Quick, choose between water or oxygen.
Ok, maybe it’s not that dramatic. But limited money or bodies sometimes force brands to decide which gets their attention: social or earned media. Too often, that’s a false choice.
We may shorten it to just social – dropping its last name like Beyonce or LeBron – but Twitter, Facebook and LinkedIn really are in the same category as the The New York Times, ABC and Fortune. They’re media. And journalists get it. They’re relying on the social channels to hit their audiences from all sides today more than ever. So much so that Twitter is looking for a “Head of News & Journalism” to ensure it is indispensible in newsrooms.
That’s good news for PR pros looking to expand their traditional media outreach. If you choose properly you can find a place for your content. Here are four easy ways to combine social and earned media to get your story told:
1. Lend your content before you share it
ESPN and Twitter just announced an agreement to share videos on Twitter. Fox News is doing something similar. As they grow frequency and their volume of channels, media outlets will need to not only create but curate content. If you develop a trend study or an infographic, pitch it to a key media outlet before pushing it wide on your own channels. You just need to understand what hole it can fill. A reporter may not want to use your study or graphic on her blog or page one New York Times story, but she may be open to sharing it with her 25,000 Twitter followers. Know which content fits where.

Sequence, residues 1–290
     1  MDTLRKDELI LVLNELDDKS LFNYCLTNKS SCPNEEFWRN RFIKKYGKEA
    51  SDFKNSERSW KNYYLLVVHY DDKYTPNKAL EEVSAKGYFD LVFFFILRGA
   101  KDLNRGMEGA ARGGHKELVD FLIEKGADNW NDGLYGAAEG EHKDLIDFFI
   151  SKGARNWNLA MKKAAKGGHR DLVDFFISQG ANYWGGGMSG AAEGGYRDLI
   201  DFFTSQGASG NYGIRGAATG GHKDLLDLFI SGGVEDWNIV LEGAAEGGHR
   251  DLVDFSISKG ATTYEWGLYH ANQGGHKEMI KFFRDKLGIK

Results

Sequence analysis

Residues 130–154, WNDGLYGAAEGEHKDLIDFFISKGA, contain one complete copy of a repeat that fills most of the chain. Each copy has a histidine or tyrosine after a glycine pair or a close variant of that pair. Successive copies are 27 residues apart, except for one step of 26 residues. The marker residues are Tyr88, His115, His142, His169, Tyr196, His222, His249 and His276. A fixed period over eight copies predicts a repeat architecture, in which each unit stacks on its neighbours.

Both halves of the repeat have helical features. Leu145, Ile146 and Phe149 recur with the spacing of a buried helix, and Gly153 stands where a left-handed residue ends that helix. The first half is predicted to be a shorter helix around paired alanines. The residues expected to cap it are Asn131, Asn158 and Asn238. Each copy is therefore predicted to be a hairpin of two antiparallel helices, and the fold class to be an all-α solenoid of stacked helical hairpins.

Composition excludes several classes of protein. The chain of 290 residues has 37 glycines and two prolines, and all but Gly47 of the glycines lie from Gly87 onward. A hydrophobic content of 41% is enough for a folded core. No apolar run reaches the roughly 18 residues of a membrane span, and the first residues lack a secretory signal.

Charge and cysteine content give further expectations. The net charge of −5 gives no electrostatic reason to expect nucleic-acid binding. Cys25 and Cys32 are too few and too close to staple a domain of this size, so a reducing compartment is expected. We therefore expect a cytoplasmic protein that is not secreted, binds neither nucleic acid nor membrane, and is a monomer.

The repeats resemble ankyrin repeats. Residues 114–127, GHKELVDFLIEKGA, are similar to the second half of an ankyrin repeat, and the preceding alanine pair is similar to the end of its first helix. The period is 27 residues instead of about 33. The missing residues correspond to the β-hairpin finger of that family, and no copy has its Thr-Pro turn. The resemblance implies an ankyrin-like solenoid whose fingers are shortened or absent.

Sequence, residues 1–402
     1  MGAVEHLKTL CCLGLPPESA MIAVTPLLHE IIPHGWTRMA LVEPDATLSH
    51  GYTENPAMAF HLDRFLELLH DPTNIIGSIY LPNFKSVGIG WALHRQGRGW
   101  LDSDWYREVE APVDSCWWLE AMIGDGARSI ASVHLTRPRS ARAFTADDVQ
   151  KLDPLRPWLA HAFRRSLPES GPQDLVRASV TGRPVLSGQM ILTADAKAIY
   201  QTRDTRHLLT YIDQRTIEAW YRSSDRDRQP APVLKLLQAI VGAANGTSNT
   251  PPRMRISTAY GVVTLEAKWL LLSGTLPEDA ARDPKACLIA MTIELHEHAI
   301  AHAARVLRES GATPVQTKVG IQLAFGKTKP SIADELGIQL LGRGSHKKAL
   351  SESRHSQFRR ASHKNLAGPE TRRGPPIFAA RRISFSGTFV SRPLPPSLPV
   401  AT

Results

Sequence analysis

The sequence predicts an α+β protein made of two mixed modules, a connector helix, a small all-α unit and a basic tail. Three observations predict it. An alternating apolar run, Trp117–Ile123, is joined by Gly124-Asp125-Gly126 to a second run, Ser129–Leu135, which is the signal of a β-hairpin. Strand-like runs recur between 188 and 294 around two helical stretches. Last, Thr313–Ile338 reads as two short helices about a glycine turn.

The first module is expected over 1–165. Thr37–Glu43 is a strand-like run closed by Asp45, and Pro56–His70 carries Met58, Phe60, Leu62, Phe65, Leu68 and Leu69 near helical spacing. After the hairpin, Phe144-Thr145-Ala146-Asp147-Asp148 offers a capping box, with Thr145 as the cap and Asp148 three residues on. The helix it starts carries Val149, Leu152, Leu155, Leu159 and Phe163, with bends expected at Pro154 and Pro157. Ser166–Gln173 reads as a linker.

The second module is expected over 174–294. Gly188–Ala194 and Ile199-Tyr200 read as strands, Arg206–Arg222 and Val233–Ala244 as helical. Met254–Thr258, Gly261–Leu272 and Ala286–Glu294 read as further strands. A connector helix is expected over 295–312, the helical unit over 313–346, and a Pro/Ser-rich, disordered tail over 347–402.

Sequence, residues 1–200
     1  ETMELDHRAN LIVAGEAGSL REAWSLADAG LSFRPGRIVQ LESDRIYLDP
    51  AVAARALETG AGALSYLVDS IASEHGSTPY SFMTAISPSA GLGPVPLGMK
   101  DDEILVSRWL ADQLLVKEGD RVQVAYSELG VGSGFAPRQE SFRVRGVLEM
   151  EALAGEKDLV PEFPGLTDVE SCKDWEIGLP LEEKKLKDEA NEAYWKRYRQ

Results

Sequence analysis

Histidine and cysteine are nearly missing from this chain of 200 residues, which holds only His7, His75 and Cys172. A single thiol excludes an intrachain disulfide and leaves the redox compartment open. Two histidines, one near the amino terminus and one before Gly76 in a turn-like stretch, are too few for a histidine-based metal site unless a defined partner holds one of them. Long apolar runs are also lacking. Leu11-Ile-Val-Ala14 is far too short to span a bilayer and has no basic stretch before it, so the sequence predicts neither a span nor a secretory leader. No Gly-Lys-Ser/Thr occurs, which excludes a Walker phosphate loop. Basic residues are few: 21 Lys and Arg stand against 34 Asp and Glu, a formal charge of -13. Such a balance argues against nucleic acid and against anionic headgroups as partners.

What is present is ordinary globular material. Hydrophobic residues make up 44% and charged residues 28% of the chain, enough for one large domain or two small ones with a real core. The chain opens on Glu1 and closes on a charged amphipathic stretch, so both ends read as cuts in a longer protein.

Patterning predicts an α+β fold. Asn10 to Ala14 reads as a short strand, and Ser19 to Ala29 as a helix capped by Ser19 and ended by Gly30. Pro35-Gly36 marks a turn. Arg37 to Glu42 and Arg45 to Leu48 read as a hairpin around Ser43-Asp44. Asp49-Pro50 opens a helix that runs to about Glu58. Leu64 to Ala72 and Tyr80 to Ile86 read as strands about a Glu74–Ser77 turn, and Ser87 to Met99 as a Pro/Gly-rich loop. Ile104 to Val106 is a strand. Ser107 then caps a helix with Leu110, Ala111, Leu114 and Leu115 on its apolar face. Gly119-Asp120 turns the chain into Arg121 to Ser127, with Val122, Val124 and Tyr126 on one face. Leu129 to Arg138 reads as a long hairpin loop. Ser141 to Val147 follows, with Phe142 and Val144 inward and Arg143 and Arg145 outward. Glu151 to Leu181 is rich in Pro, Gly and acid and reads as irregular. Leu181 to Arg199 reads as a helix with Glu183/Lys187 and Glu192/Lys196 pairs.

2. Stop typing and start listening
The best storytellers are often the best listeners. They hear details, inflection, fears and desire in the words of others. In those words come insights. There is a focus group relevant to your brand happening every second of every day. Don’t ignore it. Fire up TweetDeck, HootSuite, Sysomos or Radian6. Listening to the conversation about an issue – or simply to what your audience cares about – will prepare your for any brewing issues and provide potential fodder for story pitches.
3. Expand your media horizon
Google and Cision help identify which reporters are covering your topic, but there’s an opportunity to take it a step beyond. Check out what those reporters are passionate about, what interests them outside their beat, what their opinions are. Know the person you’re dealing with. There are specific social search tools like MuckRack that allow you to search for reporters on Twitter by topic. Whether the free or paid route, add a tool to your conventional journalist research. But don’t make it a one-time effort. Follow them going forward and engage whenever appropriate.
4. Turn up the amplifier
We all love the satisfaction of securing a story. But the work – or opportunity – is not over just because the piece has been published. A traditional media hit is greatly improved when you extend the number of people who see it. When you secure that hit, whether it’s a piece on Good Morning America or a hyper-local story about an upcoming event, share it through your channels. Your brand will benefit, and the journalist will appreciate the added exposure. You get a two-fer: secured coverage and shareable content.
Telling great stories is one of the strongest ways to build interest and persuasion. Call them by their old names if you want but social and earned media rely on the same things: relationships and interesting content. Harvest them both and your brand wins.